Back in 2015, Public Health England (PHE) released details of a review they had carried out into e-cigarettes. If you’re not sure what Public Health England is they’re a UK government-backed agency who, according to their website, “Exist to protect and improve the nation's health and well-being”. Although not directly responsible for UK policy on vaping they will undoubtedly have a significant input and influence on those that are.
Their 2015 e-cigarette review was hugely important, as, for the first time, a large and respected national health institution came out as being largely supportive of vaping. Their three headline findings were significant. Not because they told us anything especially new or surprising but because they supported the vaping community and debunked the mostly negative vaping themes portrayed in the mainstream media.
Key findings of the 2015 review include:
- the current best estimate is that e-cigarettes are around 95% less harmful than smoking
- nearly half the population (44.8%) don’t realise e-cigarettes are much less harmful than smoking
- there is no evidence so far that e-cigarettes are acting as a route to smoking for children or non-smokers
Fast forward three years and Public Health England have updated their review and published new findings on e-cigarettes and the vaping industry. As a relatively new phenomenon vaping is quite rightly being subjected to many reviews and studies into its effects. It’s a fast moving picture, and so updated PHE findings are an important factor in helping maintain the momentum of vaping.
The key findings from the 2018 study were;
- vaping poses only a small fraction of the risks of smoking and switching completely from smoking to vaping conveys substantial health benefits
- e-cigarettes could be contributing to at least 20,000 successful new quits per year and possibly many more
- e-cigarette use is associated with improved quit success rates over the last year and an accelerated drop in smoking rates across the country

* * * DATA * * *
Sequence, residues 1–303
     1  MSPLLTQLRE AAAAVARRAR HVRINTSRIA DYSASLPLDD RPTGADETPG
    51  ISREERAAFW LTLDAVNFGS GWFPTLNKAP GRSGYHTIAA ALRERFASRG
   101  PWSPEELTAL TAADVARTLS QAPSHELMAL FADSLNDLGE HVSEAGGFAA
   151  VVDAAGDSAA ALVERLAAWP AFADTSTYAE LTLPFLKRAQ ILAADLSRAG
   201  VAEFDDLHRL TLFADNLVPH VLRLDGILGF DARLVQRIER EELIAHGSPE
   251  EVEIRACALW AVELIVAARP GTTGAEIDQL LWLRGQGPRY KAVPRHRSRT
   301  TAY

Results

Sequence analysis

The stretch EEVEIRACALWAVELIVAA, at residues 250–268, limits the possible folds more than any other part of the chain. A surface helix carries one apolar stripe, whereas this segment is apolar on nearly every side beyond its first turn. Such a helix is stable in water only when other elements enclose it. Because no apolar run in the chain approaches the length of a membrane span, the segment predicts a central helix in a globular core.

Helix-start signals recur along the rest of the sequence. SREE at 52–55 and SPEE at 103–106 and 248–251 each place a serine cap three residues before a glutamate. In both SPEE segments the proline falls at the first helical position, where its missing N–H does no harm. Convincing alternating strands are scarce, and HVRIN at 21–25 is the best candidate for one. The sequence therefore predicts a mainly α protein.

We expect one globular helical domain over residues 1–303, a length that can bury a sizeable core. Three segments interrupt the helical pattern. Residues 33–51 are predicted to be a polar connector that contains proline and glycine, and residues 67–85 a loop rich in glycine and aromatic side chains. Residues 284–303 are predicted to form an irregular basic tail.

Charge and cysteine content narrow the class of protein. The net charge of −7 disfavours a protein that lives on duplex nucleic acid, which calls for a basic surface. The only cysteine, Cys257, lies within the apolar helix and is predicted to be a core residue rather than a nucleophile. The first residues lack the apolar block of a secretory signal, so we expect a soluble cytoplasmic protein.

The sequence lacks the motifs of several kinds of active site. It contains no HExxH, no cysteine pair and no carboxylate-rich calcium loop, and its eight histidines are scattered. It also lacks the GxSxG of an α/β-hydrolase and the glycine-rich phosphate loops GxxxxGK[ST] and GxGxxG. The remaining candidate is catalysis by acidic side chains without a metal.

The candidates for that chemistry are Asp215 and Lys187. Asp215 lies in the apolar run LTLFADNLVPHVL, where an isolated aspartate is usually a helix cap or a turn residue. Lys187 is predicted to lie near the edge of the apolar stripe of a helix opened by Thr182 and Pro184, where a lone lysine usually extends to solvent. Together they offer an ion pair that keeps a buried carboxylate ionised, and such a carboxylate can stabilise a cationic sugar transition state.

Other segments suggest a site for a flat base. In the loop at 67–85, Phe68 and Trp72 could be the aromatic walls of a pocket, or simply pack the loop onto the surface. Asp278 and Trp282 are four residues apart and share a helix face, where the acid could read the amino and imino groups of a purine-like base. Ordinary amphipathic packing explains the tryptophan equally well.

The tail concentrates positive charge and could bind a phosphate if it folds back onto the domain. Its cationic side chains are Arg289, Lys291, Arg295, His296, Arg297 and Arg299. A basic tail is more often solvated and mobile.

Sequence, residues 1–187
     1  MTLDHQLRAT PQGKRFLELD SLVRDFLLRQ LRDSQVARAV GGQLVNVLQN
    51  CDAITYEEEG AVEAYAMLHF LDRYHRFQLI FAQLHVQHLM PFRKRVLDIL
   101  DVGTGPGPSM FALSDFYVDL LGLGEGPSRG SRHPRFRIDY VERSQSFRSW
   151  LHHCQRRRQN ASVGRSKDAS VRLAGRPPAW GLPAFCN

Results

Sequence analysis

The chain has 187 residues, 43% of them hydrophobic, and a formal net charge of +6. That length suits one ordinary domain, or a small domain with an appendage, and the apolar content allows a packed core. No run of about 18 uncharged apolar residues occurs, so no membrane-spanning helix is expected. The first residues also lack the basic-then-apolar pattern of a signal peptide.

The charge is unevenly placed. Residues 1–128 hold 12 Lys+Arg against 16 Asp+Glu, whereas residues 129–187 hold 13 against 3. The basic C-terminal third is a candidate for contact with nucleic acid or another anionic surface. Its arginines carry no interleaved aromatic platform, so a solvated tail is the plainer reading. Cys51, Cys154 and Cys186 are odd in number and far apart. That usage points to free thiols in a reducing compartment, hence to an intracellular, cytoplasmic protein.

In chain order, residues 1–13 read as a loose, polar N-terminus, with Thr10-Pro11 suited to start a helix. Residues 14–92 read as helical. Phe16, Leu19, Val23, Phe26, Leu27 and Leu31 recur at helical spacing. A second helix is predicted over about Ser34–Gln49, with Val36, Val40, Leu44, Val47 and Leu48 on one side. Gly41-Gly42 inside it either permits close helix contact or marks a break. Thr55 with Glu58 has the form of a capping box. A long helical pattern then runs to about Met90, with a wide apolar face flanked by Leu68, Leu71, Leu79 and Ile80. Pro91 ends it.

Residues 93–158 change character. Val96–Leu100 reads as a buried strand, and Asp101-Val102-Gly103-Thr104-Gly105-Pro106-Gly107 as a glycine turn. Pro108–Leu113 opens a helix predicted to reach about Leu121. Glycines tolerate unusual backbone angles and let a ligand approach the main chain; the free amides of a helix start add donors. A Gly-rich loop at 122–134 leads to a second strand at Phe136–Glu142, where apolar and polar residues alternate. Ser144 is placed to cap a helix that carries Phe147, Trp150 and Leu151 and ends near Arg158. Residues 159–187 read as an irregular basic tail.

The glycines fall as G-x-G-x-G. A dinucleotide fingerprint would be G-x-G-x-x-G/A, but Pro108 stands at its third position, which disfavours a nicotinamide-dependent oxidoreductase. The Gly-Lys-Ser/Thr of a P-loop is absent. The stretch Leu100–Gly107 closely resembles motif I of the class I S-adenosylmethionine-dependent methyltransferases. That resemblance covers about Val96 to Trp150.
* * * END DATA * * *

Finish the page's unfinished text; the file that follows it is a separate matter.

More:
- many thousands of smokers incorrectly believe that vaping is as harmful as smoking; around 40% of smokers have not even tried an e-cigarette
- there is much public misunderstanding about nicotine (less than 10% of adults understand that most of the harms to health from smoking are not caused by nicotine)
- the use of e-cigarettes in the UK has plateaued over the last few years at just under 3 million
- the evidence does not support the concern that e-cigarettes are a route into smoking among young people (youth smoking rates in the UK continue to decline, regular use is rare and is almost entirely confined to those who have smoked)
As you will see the findings are again very much supportive of vaping and it’s worth also reading the press release for the comments of the professors who worked on the study.
Vaping as an industry has been in a constant battle since it’s earliest days against negative media and dubious research. In many countries around the world, the battle has been lost and vaping bans are becoming increasingly common (You can check out vaping laws around the world in our last blog post). Thankfully the UK has taken a progressive route with e-cigs and the evidence-based research carried out by PHE will only help in promoting vaping so more people can make the switch and quit smoking.